School of Mathematical Sciences

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Reports and documents

Writing project reports and other mathematical documents in general

General project guidance

This is general background to the specific guidance provided for each module with a large written component. It is particularly relevant to the following modules:

Your project must involve the study of some mathematical topic and must be your own work in the sense that your report gives an original account of the material, but it need not contain new mathematical results. All projects also involve a brief presentation.

The purpose of the project is largely to develop your ability to work independently. Your supervisor will provide a reading list and give general advice on the work for the project and the writing of the report. But your supervisor cannot be expected to provide a list of all the individual results that should go into your report, although your supervisor will probably mention a few major items. You are strongly advised to pass a first draft to your supervisor, who will then comment on the format and the English style and point out any major mathematical errors. But you must take responsibility for the suitability of particular sections of your report.

Your report should be on A4 size paper and prepared using a computer. It should be in a simple binding, e.g. a ring or springback binder. Each report should include

  • a brief summary,
  • an introduction,
  • the report itself, and
  • a bibliography.

You should hand in two copies and keep a third copy for yourself. The usual procedure is to hand your report in to the Maths Office (room 101 of the Mathematical Sciences Building): staff there will note the date and time of submission and give you a receipt.

Referencing and plagiarism

This is discussed briefly in the School of Mathematical Sciences Undergraduate Handbook 2009–10 (part 3 – page 20: What is plagiarism?) and in the current Queen Mary Student Guide 2008–09 (page 21: Plagiarism and misconduct in coursework).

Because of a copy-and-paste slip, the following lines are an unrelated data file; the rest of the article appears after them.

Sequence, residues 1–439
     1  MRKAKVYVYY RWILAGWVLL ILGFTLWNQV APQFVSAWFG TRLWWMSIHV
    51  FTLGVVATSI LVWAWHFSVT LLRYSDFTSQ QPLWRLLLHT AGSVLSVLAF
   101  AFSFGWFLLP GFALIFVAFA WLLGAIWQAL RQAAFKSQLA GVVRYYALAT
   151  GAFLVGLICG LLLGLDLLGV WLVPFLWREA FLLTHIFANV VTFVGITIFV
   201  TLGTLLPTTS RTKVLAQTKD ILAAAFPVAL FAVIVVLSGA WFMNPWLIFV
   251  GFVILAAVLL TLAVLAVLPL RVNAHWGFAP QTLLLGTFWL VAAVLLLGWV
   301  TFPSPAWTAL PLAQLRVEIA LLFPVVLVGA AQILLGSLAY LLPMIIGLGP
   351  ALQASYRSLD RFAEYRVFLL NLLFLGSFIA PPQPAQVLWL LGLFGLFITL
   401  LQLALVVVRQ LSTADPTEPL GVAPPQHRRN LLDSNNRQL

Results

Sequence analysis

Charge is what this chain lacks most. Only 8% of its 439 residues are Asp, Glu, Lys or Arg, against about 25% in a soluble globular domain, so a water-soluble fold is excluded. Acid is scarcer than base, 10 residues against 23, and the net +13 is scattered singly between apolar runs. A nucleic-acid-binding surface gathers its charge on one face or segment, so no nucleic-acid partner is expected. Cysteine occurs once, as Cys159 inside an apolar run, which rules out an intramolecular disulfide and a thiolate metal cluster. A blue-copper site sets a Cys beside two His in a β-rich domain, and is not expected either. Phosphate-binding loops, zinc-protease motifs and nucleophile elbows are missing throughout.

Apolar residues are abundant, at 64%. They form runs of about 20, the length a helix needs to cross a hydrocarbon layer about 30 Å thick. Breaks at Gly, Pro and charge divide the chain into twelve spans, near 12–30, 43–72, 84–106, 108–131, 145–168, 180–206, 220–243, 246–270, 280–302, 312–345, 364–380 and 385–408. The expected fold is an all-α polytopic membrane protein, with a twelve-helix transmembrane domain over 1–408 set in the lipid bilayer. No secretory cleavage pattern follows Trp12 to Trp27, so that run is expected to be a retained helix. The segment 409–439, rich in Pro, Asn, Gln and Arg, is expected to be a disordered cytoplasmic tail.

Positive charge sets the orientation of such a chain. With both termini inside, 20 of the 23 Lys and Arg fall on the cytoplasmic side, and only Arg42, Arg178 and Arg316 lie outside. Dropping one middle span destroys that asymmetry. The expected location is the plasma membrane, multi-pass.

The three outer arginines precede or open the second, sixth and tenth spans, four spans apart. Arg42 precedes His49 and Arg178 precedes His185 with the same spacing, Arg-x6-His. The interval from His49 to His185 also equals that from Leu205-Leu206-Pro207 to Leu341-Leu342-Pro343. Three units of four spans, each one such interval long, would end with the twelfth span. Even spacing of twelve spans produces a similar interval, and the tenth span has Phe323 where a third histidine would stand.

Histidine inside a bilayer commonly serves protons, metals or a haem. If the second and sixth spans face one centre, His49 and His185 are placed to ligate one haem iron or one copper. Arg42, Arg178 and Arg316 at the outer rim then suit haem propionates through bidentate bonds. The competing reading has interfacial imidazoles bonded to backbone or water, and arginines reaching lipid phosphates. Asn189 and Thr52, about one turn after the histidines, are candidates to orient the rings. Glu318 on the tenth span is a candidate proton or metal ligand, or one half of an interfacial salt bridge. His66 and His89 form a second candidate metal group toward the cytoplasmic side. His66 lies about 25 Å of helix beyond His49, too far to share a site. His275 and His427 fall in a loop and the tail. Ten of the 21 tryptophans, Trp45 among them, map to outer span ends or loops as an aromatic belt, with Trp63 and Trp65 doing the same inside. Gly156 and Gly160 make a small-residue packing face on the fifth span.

Correct referencing of other work is essential in all academic documents. When you mention or cite other work you put a marker in your text, which relates to a list of references somewhere else in your document that gives a full bibliographic reference to each work you have cited. In mathematical documents the list of references is normally put at the end. This is sometimes called a bibliography, although a bibliography is more general and can include references to works that you have not explicitly cited in your text.

The Wikipedia article on Citation provides a good summary of how to reference. It presents two citation systems: parenthetical and note. You can use either, but choose one or the other and do not mix them. When using the note system in mathematical documents, the note number is often put in square brackets rather than displayed as a superscript.

Figures and diagrams

You may produce figures and diagrams any way you want, including drawing them by hand, in which case one easy way to incorporate them into a document produced by computer is to scan them. You should not spend too much time trying to produce publication-quality figures. However, we will award similar marks for diagrams of similar quality regardless of how they are produced, and it is usually much easier to produce good quality diagrams using appropriate software.

Project mark schemes

The contribution of the presentation is described in the module details provided in the School of Mathematical Sciences Undergraduate Handbook 2009–10 (part 7) and in the individual module web pages.

Dr Francis Wright
Director of Undergraduate Studies
November 2009